- May 22, 2018 at 6:36 pm #187084
I am the minority owner of a small business that required a significant SBA loan. A month before closing more money was needed to complete construction & open for business so my partner/lender requested my name on the loan. Now that the loan is at risk of default I have the most exposed assets. My question is should I have been required to become a co borrower even though the business plan the bank clearly states my minority ownership of 15%? Do I have legal grounds to have my personal guarantee removed?May 22, 2018 at 6:43 pm #196759
Dock David TreeceModerator
Thanks for the question. If you already signed a personal guarantee on your SBA loan, it’d probably be pretty tough to have it taken off. However, there are a few notes.
First, one of the big things that make SBA loans so attractive is that the SBA guarantees a portion of your loan. This means that – if your company were to default – you and your partners probably wouldn’t be personally responsible for the full loan amount. The amount that the SBA guarantees varies, so you’d need to check your loan documents.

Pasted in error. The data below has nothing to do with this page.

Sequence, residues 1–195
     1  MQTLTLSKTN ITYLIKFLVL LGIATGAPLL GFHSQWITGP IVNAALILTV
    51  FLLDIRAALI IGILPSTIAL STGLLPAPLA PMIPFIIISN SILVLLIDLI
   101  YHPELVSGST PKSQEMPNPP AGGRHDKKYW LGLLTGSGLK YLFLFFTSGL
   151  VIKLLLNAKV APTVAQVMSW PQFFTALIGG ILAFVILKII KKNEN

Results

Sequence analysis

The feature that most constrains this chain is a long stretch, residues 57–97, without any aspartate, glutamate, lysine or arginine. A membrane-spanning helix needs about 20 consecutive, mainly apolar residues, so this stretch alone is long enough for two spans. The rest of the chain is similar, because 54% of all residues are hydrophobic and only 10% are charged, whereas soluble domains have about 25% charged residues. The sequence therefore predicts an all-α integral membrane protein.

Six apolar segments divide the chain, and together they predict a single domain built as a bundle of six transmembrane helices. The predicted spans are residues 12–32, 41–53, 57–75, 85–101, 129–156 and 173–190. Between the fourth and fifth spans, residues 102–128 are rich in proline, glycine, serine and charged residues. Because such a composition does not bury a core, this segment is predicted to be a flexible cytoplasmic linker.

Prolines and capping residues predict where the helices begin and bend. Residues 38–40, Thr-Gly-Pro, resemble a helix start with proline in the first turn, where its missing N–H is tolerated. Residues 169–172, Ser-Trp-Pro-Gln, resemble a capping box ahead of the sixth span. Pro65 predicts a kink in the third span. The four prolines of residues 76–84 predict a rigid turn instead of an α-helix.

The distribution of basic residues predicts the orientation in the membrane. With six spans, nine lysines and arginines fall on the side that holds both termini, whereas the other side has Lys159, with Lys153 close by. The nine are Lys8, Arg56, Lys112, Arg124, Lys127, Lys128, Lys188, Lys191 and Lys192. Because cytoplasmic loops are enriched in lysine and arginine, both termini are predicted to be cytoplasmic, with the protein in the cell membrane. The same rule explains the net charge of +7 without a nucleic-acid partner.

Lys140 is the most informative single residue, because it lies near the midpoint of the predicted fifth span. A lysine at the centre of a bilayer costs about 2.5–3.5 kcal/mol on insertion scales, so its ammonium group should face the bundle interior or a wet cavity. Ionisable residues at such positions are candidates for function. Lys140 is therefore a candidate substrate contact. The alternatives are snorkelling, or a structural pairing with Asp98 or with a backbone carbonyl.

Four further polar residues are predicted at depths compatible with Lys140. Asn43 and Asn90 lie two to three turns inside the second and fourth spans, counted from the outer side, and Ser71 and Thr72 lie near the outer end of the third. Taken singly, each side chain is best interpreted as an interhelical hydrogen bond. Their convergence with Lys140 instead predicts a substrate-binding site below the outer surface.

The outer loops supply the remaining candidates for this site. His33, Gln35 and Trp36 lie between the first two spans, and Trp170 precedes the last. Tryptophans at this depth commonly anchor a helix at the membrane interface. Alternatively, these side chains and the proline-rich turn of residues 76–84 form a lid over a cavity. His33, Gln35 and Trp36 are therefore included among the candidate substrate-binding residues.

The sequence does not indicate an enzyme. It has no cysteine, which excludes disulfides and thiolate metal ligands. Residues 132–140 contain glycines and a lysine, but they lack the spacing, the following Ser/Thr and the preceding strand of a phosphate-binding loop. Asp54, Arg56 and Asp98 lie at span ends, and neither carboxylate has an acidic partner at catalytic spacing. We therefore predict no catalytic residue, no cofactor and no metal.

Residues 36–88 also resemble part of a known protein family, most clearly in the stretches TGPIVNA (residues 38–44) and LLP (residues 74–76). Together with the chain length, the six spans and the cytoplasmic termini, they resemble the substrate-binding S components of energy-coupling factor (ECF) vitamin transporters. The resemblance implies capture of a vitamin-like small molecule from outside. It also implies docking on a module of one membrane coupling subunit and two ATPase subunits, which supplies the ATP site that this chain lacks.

Another item to consider is whether your current loan is in default because your business is struggling or for other reasons. For example, if one of your partners misappropriated loan funds, that may be cause for you to disclaim responsibility for the loan.
If, however, your business is actually doing well and you are falling behind on SBA loan payments for other reasons (a bad payment schedule, for example), then you might consider arranging new financing to pay off the old loan and move forward. You might also try contacting the SBA for a loan adjustment, but the odds of getting much relief probably aren’t that great.
Sorry to hear about your recent troubles. If you want to look at different kinds of SBA loans to see whether refinancing may be a good option, be sure to check out our article on the 6 Types of SBA Loans here: https://fitsmallbusiness.com/types-of-sba-loans/